A how-to guide to have the most important conversation of your life

Photo: Corbis

Photo: Corbis

Even in this age of hyper-communication, where people are willingly sharing all kinds of things with each other on social networks, there is one area of our lives where we quiet down completely. On the one hand, it’s not surprising. The topic is uncomfortable and the potential for misunderstanding is large. On the other hand, it’s shocking, because this is one of the areas that almost everyone agrees that more conversation is absolutely necessary. The topic is end of life care.

If we honestly assess ourselves, I’m guessing your reaction to the topic was to immediately think about other ways to spend the next few minutes. But hang in there, stay with me: I’m going to give you the tools to make this as easy as discussing any other important issue.

First, some context. If you haven’t yet had to deal with a serious illness– yours or someone you love– it may be hard to understand why this issue is so important. If you have, then you’re likely among the 60% of people who think it’s “extremely important” that their family members aren’t burdened by tough decisions (yet 60% have not communicated their end of life wishes.) Or consider this: 80% of people say that if seriously ill, they would want to talk to their doctor about end-of-life care, but only 7% report having had an end-of-life conversation with their doctor. Finally, 82% of people say it’s important to put their wishes in writing, yet only 23% have done it. In other words, you too have probably avoided this tough issue and you’re definitely not alone.

Most people, it seems, have trouble knowing where to start. We’re concerned that our loved ones won’t agree or even understand how we could feel a certain way. The key, says Ellen Goodman, co-Founder of The Conversation Project, is simply talking about it. And the best place to begin is at your kitchen table– not an intensive care unit– with people you love, before it’s too late.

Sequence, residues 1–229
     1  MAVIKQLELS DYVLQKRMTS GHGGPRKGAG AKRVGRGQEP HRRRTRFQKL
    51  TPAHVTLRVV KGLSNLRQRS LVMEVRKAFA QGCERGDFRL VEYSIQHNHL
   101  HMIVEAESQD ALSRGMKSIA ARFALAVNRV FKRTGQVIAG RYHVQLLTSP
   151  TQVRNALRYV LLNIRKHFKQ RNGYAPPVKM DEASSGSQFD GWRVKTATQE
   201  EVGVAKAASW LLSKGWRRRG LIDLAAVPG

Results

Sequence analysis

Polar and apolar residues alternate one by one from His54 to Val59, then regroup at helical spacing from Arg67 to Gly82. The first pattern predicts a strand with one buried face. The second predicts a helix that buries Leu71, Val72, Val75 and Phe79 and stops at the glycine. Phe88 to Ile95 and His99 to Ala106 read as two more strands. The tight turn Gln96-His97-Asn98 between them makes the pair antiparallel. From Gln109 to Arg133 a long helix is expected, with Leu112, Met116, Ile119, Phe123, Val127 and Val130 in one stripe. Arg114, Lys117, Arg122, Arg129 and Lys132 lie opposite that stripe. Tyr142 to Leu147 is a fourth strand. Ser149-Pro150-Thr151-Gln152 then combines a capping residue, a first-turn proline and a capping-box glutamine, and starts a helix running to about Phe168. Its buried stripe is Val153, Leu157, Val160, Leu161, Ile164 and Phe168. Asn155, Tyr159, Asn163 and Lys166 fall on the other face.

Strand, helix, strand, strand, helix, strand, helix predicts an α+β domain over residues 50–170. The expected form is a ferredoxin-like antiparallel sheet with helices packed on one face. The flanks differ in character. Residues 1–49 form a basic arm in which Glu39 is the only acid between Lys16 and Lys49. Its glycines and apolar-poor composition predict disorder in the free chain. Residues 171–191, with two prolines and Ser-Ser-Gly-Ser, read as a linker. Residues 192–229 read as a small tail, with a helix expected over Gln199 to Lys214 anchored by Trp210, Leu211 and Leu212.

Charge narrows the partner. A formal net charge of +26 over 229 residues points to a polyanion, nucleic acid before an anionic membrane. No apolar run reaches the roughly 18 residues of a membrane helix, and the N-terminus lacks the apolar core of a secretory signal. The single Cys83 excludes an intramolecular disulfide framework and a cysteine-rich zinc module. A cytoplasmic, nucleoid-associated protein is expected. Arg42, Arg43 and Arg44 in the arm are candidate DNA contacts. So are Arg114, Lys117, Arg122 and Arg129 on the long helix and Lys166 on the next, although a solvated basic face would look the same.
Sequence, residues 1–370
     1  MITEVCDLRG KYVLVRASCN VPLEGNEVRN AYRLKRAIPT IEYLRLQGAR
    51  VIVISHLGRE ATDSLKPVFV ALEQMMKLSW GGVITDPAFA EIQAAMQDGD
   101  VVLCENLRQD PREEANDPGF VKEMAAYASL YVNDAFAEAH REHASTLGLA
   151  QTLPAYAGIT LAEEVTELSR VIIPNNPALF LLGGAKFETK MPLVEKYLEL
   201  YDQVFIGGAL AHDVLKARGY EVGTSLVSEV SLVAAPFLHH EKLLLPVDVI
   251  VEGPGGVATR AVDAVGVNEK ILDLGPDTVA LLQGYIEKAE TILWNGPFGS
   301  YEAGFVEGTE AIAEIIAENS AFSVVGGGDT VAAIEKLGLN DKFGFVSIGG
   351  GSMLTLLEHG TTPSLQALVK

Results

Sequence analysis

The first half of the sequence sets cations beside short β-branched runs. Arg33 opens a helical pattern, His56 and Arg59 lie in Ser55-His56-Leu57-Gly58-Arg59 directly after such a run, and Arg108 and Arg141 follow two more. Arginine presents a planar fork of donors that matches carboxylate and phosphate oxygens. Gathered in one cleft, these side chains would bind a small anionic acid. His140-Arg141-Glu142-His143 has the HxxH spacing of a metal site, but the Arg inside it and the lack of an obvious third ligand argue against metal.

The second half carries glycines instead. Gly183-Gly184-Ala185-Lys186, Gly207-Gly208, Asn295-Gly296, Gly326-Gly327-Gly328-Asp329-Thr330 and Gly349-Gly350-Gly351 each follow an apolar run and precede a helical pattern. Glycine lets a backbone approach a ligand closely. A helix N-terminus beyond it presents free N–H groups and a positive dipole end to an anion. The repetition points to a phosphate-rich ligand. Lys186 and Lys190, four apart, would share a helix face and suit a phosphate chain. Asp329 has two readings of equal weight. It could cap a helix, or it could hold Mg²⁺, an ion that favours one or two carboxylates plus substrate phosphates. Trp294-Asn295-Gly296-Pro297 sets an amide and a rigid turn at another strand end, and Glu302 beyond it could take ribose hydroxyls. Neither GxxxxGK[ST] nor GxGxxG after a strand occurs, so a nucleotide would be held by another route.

Why is this important?

Imagine, for a moment, being seriously injured or ill, unable to speak for yourself, or facing the end of your life. Who do you want standing at your bedside, speaking for you, making tough decisions about your care– perhaps even disagreeing with other family members or medical professionals about how you should be treated? Now that you have that person in mind, do they know how you feel? Do they know what’s important to you, how you want to be treated?

Or maybe you’re in a position to make these decisions for someone else… do you know their wishes?

In either case, The Conversation Project believes that the key is communication. They’ve put together a ‘starter kit’ with a list of questions to first ask yourself to be sure that you understand your own feelings on the issue. The starter kit is available online and as a downloadable file. The questions are simple but thought-provoking.

Once you’ve completed the preparation, the next step can be the hardest: you have to talk with someone, tell them what you think, how you feel, and ensure that they are brave enough to adhere to your wishes in the midst of a challenging, emotionally-charged situation. Starting this conversation will be the most difficult step. It’s hard to bring these issues up (I’ve found that it’s tough writing about it, even in an abstract sense.) But having this conversation can be liberating for you both. It will give you the peace of mind that someone will be prepared to make your wishes known, and you will have the information you need to reciprocate. What could be better than having full confidence that you’re doing exactly what your loved one would prefer at that crucial juncture?

The starter kit is really the crux of The Conversation Project. This 10-page document will equip you to have this conversation with all of the important people in your life and will prepare each of you for the acceptance necessary to make it work. Following the conversation, the starter kit provides some valuable next steps: documents you should have on hand, further clarifying questions to deal with specific cases, and more.